To Will, Or Not To Will, That Is The Question: The Anthropological Significance of James 1:14-15

When trying to understand whether something is sinful or not, one must consider how we speak of voluntary sin in relation to the will. We may distinguish between the will considered narrowly (strictly) and broadly (generally). This is an important distinction, just as we distinguish between the image of God narrowly and broadly (we lost the image of God, narrowly speaking; but broadly speaking it was not lost and so we can still say we are made in the image of God).

The will considered narrowly takes into account actions that are both deliberate and voluntary. However, the will considered broadly takes into account actions which, though perhaps not deliberate or voluntary, nevertheless are consistent with our desires within.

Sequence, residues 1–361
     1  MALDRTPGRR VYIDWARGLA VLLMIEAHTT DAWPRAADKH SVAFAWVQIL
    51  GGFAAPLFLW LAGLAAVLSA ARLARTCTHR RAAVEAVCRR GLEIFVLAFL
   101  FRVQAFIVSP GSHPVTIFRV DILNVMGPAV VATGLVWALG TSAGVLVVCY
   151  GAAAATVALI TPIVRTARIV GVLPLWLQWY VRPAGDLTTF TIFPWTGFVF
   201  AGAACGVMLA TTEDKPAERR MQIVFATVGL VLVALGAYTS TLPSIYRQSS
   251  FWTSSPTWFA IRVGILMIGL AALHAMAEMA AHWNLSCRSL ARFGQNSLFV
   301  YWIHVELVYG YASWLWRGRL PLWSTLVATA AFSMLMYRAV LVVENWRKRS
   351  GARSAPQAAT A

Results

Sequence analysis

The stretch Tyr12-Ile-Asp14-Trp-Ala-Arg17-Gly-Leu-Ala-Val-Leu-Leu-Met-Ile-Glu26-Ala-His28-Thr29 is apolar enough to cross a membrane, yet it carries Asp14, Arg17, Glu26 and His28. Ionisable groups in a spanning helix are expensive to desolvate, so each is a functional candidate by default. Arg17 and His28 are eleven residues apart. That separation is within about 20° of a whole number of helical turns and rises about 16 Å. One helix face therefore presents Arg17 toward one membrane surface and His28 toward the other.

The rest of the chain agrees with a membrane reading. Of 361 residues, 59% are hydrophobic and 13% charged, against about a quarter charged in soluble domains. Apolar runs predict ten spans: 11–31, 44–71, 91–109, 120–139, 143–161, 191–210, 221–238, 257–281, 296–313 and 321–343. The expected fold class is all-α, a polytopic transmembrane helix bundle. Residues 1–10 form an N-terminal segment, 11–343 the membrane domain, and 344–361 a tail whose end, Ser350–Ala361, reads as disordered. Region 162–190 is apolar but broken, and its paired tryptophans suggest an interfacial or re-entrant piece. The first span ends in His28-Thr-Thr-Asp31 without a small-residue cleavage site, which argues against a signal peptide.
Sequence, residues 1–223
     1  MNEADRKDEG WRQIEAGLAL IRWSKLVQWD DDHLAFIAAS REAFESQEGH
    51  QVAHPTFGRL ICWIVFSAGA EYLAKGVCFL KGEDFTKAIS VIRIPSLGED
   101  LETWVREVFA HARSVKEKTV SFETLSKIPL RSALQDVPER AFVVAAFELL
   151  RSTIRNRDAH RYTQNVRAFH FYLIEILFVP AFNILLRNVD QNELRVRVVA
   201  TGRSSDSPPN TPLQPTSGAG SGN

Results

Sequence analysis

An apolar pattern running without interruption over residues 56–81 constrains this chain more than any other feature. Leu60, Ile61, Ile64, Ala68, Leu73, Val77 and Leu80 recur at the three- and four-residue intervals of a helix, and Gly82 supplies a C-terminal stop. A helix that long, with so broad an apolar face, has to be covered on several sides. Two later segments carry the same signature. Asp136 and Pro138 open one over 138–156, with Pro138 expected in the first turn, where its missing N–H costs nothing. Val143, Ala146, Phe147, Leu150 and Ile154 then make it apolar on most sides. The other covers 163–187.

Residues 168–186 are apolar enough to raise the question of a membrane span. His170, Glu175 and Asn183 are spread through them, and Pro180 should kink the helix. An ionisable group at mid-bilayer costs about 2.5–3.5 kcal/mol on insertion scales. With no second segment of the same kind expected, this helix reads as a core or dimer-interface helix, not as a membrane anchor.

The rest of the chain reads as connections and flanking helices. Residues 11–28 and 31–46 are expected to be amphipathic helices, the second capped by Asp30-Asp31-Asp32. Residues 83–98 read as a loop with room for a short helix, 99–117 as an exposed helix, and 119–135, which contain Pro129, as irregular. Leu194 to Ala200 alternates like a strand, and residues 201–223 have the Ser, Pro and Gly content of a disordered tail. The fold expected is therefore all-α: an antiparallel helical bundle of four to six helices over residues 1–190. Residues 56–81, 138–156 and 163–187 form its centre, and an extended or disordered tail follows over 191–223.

This paper will seek to critique the Scholastic tradition, represented by Francis Turretin, which has argued against the notion that involuntary motions opposed to God’s law are not sins. Further, this paper will propose that the Reformed tradition, represented by Herman Bavinck, explains well how involuntary motions simply cannot occur apart from the human will broadly (generally). Finally, this paper will argue from James 1:14-15 that our temptations typically arise from within us, as we are lured away by desires that give birth to sins. We can, therefore, never excuse our thoughts or desires just because they are not voluntary acts. Rather, the will, in a certain sense, is always at work since as humans we are never not willing. To be is to be willing.

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